Marvin Baumstein, 81, political activist for Democratic and civil rights causes

April 25, 1999|By Jacques Kelly | Jacques Kelly,SUN STAFF

Marvin I. Baumstein, a Baltimore political activist who backed civil rights, peace and progressive causes, died Tuesday of cancer complications at Sinai Hospital. He was 81 and lived in the Cross Country neighborhood.

Mr. Baumstein, who ran a printing business, was a veteran of liberal and progressive political campaigns. He was also a foe of U.S. foreign policy in the Vietnam War era.

"I marched when I was 11 months old against Joseph McCarthy's committee," said his son, Jay H. Baumstein of Berne, N.Y. "When I was 12 years old, we got on buses at the Jewish Community Center to go to Washington to hear Martin Luther King."

Born in Hartford, Conn., into a family of political activists -- his stepfather was a union organizer in the Pennsylvania coal country -- Mr. Baumstein joined the Army Corps of Engineers as a young man.

He served in the Army during World War II and made numerous flights in C-47 aircraft between India and China, flying over the Himalayas and Burma. In the 1990s, he wrote of those experiences in an unpublished manuscript.

In 1946, he opened Multi-Service Associates, a printing business that had an offset press. He printed political materials from a Gay Street shop in downtown Baltimore. He later moved the business to Mondawmin and retired in 1985.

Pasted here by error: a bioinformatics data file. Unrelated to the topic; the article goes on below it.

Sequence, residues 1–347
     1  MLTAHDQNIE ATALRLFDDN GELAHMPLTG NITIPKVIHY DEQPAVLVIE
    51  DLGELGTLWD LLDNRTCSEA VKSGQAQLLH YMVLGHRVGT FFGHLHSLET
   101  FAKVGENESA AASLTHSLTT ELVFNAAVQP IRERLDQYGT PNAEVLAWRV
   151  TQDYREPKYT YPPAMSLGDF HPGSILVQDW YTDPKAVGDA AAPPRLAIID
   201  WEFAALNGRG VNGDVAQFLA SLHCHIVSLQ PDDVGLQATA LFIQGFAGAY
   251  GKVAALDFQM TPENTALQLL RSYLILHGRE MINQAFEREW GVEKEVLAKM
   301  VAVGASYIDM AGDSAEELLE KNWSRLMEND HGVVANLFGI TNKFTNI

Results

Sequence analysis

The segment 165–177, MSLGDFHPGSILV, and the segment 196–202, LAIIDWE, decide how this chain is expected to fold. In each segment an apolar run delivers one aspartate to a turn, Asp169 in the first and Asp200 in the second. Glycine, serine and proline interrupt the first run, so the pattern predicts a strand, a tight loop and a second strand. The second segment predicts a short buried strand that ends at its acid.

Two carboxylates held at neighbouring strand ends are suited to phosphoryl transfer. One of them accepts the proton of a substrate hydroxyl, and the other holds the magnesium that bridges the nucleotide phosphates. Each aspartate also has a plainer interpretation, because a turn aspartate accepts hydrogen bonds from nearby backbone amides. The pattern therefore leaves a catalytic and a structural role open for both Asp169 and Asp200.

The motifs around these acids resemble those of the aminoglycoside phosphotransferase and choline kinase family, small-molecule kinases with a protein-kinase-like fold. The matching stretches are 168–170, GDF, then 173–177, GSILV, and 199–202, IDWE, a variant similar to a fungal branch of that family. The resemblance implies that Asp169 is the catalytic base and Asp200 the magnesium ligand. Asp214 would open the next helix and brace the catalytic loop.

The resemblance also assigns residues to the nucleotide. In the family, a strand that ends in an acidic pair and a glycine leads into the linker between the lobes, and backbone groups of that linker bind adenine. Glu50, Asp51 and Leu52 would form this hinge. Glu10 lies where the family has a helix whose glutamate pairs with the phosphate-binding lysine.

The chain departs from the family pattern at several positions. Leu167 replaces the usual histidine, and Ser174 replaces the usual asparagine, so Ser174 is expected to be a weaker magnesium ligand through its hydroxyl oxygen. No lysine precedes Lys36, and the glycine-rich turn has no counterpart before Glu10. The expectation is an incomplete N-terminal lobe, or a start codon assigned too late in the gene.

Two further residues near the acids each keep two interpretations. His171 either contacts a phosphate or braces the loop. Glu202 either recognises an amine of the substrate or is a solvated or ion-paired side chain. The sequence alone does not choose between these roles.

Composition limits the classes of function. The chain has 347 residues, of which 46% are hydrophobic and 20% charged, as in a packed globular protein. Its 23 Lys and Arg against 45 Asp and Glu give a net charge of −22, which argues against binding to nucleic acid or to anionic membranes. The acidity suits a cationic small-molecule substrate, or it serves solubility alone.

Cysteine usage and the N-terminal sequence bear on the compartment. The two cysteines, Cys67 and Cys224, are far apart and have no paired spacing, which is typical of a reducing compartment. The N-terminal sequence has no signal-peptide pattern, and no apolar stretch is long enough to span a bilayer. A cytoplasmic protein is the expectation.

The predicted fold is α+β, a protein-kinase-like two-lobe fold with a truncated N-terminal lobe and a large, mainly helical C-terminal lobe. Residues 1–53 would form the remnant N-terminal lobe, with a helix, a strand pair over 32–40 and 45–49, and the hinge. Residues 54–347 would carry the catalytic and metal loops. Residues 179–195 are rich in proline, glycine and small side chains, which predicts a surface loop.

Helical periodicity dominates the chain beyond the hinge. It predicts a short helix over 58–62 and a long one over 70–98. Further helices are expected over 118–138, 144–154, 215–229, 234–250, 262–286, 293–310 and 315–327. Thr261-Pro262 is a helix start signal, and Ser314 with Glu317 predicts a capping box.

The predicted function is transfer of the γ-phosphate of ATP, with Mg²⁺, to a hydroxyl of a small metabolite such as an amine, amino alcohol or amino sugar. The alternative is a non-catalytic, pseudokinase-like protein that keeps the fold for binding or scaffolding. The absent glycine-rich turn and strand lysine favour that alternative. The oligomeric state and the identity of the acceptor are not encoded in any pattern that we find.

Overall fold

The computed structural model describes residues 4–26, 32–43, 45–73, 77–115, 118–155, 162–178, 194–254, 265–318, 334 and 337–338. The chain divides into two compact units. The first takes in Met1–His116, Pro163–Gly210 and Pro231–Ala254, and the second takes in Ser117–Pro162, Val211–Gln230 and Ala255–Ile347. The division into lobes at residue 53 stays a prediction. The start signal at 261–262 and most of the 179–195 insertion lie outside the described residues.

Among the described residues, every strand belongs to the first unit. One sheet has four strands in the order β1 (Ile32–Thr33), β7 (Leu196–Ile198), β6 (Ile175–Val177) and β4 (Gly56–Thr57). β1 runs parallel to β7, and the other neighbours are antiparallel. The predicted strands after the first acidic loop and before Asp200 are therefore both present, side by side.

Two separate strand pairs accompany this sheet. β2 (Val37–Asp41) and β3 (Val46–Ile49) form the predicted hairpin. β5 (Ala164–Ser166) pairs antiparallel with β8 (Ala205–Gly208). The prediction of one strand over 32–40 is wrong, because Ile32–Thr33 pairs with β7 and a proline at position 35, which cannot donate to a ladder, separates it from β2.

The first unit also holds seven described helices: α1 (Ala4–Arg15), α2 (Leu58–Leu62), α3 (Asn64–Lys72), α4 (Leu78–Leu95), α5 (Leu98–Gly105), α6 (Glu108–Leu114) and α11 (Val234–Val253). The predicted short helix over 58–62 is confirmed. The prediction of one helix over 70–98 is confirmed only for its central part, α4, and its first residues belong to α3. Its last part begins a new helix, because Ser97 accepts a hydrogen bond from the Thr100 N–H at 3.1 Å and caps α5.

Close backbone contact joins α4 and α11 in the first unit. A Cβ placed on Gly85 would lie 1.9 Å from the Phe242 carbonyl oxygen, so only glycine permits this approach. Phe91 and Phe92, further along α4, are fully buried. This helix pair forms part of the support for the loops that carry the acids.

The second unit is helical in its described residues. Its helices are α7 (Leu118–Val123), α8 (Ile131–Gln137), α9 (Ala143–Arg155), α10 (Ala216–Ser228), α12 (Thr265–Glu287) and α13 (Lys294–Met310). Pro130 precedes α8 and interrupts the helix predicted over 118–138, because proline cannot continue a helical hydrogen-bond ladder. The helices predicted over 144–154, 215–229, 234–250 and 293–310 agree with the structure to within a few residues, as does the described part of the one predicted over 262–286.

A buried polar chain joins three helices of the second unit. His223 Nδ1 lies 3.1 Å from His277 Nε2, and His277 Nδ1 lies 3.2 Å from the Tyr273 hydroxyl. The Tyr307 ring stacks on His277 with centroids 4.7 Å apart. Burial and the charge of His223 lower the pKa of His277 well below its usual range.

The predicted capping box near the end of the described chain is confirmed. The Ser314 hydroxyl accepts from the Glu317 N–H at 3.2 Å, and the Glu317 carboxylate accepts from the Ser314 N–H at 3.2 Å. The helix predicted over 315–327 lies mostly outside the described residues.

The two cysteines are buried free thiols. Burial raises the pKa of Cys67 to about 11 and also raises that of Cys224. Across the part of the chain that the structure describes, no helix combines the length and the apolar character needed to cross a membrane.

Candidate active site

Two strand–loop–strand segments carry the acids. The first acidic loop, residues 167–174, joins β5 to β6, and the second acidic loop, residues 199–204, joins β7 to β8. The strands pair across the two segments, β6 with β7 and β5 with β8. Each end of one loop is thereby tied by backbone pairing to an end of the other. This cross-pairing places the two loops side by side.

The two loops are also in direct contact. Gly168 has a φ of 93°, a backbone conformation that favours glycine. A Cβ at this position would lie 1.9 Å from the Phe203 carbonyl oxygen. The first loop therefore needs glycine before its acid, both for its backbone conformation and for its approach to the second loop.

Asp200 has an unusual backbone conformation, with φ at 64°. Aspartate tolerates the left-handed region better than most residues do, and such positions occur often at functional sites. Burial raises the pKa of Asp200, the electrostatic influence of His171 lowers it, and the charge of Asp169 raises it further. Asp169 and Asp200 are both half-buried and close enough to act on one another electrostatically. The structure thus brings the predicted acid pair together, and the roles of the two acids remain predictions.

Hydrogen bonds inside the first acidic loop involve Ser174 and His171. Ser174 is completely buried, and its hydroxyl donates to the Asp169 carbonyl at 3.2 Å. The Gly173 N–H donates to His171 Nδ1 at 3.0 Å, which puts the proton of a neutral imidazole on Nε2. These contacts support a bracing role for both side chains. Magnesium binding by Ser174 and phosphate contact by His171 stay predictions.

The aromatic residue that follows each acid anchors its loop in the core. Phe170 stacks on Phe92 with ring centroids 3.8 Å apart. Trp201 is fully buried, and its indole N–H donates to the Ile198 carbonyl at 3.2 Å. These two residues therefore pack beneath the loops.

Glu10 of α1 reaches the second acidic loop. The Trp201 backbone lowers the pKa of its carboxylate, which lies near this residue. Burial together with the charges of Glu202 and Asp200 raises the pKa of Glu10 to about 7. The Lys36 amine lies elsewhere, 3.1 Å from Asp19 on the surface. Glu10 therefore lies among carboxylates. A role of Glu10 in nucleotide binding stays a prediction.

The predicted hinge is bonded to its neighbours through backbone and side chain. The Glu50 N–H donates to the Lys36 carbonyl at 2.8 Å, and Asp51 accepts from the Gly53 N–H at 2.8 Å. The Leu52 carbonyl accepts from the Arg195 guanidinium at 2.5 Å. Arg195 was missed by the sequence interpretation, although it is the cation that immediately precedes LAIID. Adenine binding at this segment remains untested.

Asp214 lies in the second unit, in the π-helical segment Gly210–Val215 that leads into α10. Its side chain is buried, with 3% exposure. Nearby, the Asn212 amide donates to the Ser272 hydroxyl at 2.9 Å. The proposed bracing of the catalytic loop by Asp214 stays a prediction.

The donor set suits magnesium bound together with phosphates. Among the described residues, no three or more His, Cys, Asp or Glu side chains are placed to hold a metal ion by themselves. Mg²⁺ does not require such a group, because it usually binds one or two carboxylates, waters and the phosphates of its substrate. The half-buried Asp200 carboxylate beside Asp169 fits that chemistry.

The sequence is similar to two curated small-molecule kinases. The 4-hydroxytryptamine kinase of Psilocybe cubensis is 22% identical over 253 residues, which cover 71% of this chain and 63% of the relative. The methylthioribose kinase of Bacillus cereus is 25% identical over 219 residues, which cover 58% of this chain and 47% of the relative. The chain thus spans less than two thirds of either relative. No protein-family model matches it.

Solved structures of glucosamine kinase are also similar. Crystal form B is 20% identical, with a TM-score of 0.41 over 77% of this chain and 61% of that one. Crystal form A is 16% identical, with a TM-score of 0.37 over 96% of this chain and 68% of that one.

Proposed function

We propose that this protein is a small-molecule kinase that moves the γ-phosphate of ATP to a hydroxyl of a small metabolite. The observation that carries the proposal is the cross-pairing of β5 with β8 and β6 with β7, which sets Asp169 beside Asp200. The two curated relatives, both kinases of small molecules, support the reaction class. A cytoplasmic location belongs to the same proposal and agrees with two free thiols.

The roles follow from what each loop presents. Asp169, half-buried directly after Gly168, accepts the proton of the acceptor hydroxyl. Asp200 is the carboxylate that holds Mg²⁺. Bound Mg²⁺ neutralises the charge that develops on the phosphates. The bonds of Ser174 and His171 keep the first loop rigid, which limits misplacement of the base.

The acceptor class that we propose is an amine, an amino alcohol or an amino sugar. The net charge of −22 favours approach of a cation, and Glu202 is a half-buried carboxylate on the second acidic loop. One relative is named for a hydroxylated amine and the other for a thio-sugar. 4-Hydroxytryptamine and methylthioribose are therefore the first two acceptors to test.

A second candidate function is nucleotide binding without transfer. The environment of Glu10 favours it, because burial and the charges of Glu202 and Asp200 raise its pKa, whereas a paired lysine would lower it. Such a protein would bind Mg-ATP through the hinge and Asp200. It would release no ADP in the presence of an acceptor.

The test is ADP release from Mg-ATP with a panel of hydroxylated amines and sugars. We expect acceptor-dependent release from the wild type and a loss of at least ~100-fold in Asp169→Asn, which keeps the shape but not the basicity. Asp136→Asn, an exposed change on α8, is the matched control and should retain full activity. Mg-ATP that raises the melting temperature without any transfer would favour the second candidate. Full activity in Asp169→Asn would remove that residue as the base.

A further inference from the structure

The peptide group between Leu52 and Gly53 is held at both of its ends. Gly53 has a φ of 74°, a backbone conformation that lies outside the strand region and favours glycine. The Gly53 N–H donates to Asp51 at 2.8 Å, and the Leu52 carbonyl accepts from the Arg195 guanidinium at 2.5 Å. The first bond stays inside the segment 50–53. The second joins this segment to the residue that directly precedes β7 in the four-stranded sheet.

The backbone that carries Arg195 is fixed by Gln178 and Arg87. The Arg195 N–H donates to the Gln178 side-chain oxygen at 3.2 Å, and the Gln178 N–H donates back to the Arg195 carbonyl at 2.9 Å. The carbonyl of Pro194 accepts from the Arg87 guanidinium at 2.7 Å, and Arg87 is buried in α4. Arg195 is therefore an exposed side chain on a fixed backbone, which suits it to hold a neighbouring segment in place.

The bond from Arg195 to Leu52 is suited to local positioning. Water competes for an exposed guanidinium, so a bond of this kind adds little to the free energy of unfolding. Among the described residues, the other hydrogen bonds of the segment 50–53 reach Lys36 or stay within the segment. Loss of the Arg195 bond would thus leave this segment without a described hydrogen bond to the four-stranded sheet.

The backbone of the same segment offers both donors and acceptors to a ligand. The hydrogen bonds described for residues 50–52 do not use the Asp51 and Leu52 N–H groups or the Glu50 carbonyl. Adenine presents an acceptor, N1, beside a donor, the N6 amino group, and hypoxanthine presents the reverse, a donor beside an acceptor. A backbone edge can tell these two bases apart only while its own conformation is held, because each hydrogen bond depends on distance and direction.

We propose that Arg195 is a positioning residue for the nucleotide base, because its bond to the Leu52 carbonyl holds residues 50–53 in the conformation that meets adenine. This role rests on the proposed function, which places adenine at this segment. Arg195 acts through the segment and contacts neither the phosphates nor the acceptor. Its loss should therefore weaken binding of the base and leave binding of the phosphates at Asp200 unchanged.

"His political work was the key to his business," his son said, adding that Mr. Baumstein produced campaign pamphlets, leaflets and fliers. His local political activism began in the 1948 election campaign, when he worked for the Progressive Party and its presidential candidate, Henry A. Wallace.

He was a member of the old Dolfield Democratic Club in Northwest Baltimore and worked to elect black candidates from that part of the city.

"He was instrumental in Parren Mitchell's first victorious campaign," said Joseph W. Sachs, a friend who was also a member of Baltimore political clubs. "He was also a backer of [John] Kennedy and George McGovern and wasn't above doing door-to-door work for the clubs."

After the 1968 Democratic national convention in Chicago, he and others broke from the old political clubs to form the New Democratic Coalition.

"He had a marvelous wry sense of humor," said Milton Bates, a Baltimore writer and friend. "When he undertook to do something, he would get it done -- thoroughly and meticulous."

Mr. Baumstein married Beulah Fried in 1940. A longtime volunteer with the American Jewish Congress, she died in 1994.

He was a lifetime member of the Jewish Community Center and on evenings and weekends often jogged along Park Heights Avenue with a men's group based there.

A memorial service was conducted yesterday at the Stony Run Friends Meeting.

He is also survived by a daughter, Carol L. Baumstein of Newton, Mass.; a sister, Eleanor B. Kaplan of Clermont, Fla.; friend Esther Rosenthal of Baltimore; and five grandchildren.

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